I read Peter Markiewicz's article about modes and metaphors of
computing with interest. He touches on most of the issues, but
in my opinion he draws too strong a distinction between the goals
and functions behind the Mac and Unix operating systems. The
designers of each of these systems have the same goals (in fact,
they are sometimes the same people!): to make the best computer
There should be computing standards, but there should always be
more than one standard. Human beings will never invent the ideal
computing systems, but the computing systems that humans invent
will be continue to improve. According to evolutionary theory,
the rate of evolutionary change is increased when diversity is
high, but the success of a species often depends on how common
it is. At the same time, success tends to lead both to commonness
and to greater diversity. I see the same dynamics in many human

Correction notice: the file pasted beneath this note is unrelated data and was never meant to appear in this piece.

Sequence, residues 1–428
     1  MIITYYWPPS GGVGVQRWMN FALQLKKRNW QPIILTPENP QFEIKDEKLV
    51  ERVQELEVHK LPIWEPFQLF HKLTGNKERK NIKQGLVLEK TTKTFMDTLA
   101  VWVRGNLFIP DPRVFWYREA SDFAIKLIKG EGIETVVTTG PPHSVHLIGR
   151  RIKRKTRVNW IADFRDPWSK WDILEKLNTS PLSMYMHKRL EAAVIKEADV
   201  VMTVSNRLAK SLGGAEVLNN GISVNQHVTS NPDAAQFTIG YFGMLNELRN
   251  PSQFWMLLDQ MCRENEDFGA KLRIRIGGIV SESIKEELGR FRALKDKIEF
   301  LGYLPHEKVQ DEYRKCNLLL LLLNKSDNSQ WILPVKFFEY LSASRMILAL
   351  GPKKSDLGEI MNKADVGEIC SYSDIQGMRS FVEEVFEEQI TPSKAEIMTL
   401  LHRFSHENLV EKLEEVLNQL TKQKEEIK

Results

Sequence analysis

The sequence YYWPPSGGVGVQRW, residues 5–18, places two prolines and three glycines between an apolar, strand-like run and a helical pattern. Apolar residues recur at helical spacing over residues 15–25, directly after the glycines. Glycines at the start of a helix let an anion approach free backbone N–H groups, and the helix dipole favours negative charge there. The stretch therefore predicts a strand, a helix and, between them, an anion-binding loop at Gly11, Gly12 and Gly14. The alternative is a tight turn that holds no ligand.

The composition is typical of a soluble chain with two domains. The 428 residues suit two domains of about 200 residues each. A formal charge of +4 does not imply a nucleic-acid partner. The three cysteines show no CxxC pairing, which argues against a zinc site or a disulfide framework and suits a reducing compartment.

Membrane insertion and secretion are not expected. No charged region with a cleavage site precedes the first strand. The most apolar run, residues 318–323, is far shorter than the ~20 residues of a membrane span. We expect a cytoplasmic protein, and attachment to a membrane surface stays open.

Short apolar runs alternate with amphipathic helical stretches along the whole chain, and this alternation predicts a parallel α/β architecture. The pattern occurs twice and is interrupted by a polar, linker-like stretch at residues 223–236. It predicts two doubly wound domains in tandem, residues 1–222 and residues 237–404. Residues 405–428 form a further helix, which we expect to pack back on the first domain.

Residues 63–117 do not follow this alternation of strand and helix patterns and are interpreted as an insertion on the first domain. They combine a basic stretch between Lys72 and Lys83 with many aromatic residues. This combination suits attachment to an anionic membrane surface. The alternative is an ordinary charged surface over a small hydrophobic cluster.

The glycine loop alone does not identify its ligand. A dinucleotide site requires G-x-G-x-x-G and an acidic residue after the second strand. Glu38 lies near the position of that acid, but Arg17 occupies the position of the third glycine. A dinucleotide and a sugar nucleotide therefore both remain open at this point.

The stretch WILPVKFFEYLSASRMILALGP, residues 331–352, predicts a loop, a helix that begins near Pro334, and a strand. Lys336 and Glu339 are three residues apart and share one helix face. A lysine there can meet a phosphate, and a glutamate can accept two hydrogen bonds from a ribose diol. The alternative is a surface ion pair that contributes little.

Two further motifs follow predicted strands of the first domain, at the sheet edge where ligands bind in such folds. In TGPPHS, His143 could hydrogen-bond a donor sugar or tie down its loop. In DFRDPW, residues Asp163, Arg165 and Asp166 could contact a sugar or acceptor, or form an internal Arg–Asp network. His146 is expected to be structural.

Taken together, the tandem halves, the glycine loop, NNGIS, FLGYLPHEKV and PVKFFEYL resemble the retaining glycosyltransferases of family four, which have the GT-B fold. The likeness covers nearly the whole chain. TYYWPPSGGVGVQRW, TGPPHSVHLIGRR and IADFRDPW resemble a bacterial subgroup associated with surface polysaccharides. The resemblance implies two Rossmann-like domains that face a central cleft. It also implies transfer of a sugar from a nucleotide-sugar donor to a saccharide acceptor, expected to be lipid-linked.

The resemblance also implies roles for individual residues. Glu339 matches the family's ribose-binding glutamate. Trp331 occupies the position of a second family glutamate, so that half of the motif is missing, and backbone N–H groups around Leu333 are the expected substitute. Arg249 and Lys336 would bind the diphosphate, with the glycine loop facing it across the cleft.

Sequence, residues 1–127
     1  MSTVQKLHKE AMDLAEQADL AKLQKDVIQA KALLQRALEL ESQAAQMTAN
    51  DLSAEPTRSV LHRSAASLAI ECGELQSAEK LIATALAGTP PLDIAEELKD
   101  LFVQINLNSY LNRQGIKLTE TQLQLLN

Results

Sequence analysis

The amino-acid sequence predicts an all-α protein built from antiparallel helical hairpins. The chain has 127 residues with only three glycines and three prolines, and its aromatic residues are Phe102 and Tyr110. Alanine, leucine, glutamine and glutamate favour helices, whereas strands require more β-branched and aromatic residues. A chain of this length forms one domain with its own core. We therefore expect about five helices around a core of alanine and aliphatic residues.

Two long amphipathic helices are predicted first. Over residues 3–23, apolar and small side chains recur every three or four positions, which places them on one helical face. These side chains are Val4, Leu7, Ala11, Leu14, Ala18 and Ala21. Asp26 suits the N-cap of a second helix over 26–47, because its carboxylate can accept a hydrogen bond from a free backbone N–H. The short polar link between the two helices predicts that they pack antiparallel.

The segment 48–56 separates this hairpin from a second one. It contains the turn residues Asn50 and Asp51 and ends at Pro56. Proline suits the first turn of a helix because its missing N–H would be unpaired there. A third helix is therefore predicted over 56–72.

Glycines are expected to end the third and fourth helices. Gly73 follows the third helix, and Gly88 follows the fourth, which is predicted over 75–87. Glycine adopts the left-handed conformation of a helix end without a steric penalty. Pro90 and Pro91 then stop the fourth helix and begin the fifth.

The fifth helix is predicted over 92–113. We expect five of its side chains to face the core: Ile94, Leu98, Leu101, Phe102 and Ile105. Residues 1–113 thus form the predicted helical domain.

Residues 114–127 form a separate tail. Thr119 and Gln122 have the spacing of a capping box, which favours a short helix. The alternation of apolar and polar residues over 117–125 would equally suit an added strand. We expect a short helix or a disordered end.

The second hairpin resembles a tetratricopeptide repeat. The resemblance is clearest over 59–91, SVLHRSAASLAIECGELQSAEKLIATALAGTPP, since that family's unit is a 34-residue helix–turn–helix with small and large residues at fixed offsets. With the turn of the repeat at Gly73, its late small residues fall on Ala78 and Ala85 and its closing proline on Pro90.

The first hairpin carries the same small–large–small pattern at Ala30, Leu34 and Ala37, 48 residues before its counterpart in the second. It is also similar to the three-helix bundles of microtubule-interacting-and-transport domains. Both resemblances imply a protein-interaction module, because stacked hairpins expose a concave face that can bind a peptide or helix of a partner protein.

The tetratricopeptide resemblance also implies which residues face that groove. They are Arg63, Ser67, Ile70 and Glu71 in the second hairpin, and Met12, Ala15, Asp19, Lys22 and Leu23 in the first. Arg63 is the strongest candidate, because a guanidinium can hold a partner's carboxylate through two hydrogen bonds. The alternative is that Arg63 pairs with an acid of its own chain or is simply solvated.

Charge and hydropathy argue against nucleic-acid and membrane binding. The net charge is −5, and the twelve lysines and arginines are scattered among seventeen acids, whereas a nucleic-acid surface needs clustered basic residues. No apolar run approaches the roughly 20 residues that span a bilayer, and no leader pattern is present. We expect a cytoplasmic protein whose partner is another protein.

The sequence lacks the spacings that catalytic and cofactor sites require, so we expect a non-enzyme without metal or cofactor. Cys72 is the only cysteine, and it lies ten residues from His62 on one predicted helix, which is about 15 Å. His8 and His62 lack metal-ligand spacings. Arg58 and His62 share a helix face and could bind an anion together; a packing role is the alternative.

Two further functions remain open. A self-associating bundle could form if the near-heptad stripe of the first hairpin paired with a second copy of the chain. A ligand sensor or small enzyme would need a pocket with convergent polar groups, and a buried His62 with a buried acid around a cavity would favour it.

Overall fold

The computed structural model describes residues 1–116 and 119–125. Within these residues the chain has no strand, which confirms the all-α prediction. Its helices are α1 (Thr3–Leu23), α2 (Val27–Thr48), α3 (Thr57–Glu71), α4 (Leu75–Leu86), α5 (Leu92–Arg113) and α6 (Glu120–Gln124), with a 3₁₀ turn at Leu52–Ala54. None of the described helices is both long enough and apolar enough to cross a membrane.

endeavors, especially in the computer industry, and I think that
is a very good thing.
"Power" is relative, and the most powerful computer system will tend
to be the newest, and thus the least polished and perfected; this
means that "power tool" computing systems will probably always need
As computer designs evolve, there will be a continuing cycle of
emphasis on functionality at the expense of usability, and usability
at the expense of functionality. With each cycle, however, the
cumulative effect will be to increase both.
Different people have different computing needs; some need the
functionality that Unix systems offer, while some need the user
interface of Mac systems. Let's respect one another's needs, and
stop asking "which is the best system." The real question is
"which is the best system for what I want to do?"
Although both are much improved nowadays, Macintosh computers are
STILL hard to program, and Unix systems are still hard to use,
but each does some things better than any other system.
I am an ecologist, and I use computers frequently. If I were
very, very wealthy, I would want a Mac, a PC, a Unix-based
graphics supermini, and an IBM mainframe, all connected to one
another using the very best communications protocols. I like
them all, and I use them all regularly; each one makes my
life simpler because it does something for me that none of the
others can do nearly as well. Take your pick, and enjoy.